Bryson Stott’s Phillies start a test of resilience

Bryson Stott’s first big-league game wasn’t just a test of his baseball skill, his work in the infield and in the batter’s box.

It was a test of his makeup, his resilience, his ability to overcome one of those innings when the game punches you in the face in front of 44,000 people.

He passed the test.

“That’s him,” teammate, Vegas homie and best bud Bryce Harper said. “He doesn’t let anything faze him.

“Just goes to show he’s ready to be here and he’s excited to be here.”

Stott, 23, was the Phillies’ first-round draft pick in 2019. He is considered the team’s shortstop of the future, but right now the club needs him at third base.

He’s still learning to play the position and it showed in the seventh inning when he threw away a couple of balls — both times he had to charge the ball — and failed to make a diving stop on a tough but possibly makeable play.

The Phillies had taken a 6-1 lead into the inning. The sloppy defense and a three-run homer against Aaron Nola allowed the Oakland A’s to score four times in the frame and make it a one-run game.

At this point, the crowd of 44,232 and everyone watching at home was thinking Here we go again with the $%#@&% defense. One could almost feel the anxiety rise in the ballpark as the bullpen now had to try to protect a one-run lead.

But the Phillies held on and so did Stott.

Nick Castellanos doubled home a run in the bottom of the seventh to put the lead at two runs again and the whole ballpark exhaled.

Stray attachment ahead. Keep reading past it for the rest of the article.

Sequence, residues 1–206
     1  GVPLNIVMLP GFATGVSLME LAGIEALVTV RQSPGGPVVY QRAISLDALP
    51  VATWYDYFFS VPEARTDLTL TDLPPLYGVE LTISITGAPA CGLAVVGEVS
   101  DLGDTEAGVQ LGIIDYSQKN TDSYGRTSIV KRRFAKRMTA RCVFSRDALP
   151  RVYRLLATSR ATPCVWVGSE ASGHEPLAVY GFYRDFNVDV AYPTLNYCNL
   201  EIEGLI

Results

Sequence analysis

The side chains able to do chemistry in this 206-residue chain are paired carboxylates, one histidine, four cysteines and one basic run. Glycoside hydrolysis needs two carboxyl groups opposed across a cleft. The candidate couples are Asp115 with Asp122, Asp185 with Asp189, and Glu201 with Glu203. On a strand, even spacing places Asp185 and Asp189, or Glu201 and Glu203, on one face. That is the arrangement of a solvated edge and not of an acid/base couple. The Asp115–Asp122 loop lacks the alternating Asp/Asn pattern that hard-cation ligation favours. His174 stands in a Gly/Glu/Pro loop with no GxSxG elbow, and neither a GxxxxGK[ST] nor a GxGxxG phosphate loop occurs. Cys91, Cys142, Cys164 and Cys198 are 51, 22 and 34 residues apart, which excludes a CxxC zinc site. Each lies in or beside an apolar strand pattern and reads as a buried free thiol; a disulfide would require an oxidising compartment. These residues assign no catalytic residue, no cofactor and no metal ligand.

Then, in the top of the eighth, the ball found Stott at third base again. Twice. Right back on the horse.

This time, he handled the two plays with ease. Good hands. Strong throws. Just like Puddin’ Head Jones, Scott Rolen and Pedro Feliz used to do.

“To be able to get those two in a row was awesome,” Stott said after the game. “My mentality was ‘the next one.’ Keep everything under wraps and get back to it. Trust myself. I know I can make those plays.”

The Phillies scored two more runs in the bottom of the eighth to salt away a 9-5 opening day win. Stott had his second hit of the day, an RBI double against lefty Kirby Snead, in the inning.

All in all, it was a huge bounce-back inning for Stott — offensively and defensively.

“He says that he’s pretty mature and can turn the page,” manager Joe Girardi said. “I went up to him (after the two plays in the eighth) and said, ‘Outstanding.’

“That’s not easy, opening day, you probably have jitters anyway. You get two really tough plays (in the seventh) and he’s not able to make them. I mean, he didn’t get a play like that all spring. Then he makes two plays right out of the gate the next inning and doubles off a tough lefty. It says a lot about his maturity.”

Rhys Hoskins was also impressed with Stott. Impressed but not surprised.

“I think we learned about him in spring training,” Hoskins said. “He responded to pressure and the expectations of him trying to make the team. But to do it on this stage for the first time. Tough inning, but so what. He comes back right away with harder-hit balls.

“I don’t think anyone is worried about him.”

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